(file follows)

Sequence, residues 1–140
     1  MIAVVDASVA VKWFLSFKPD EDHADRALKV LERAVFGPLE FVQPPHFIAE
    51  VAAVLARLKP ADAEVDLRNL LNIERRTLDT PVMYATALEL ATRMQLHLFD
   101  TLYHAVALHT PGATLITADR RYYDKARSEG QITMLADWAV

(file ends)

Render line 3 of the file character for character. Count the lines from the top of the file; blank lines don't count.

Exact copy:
    51  VAAVLARLKP ADAEVDLRNL LNIERRTLDT PVMYATALEL ATRMQLHLFD